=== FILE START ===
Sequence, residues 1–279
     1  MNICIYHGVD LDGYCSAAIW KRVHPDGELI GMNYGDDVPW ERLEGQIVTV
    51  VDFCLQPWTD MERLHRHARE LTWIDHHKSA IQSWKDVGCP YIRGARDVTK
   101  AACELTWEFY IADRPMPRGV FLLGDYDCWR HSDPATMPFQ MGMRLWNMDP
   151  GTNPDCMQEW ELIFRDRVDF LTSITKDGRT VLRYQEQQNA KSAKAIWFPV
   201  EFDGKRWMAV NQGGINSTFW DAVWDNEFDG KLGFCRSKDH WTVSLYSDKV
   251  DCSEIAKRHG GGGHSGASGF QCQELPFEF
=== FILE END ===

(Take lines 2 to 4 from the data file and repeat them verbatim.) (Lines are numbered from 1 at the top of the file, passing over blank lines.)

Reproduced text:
     1  MNICIYHGVD LDGYCSAAIW KRVHPDGELI GMNYGDDVPW ERLEGQIVTV
    51  VDFCLQPWTD MERLHRHARE LTWIDHHKSA IQSWKDVGCP YIRGARDVTK
   101  AACELTWEFY IADRPMPRGV FLLGDYDCWR HSDPATMPFQ MGMRLWNMDP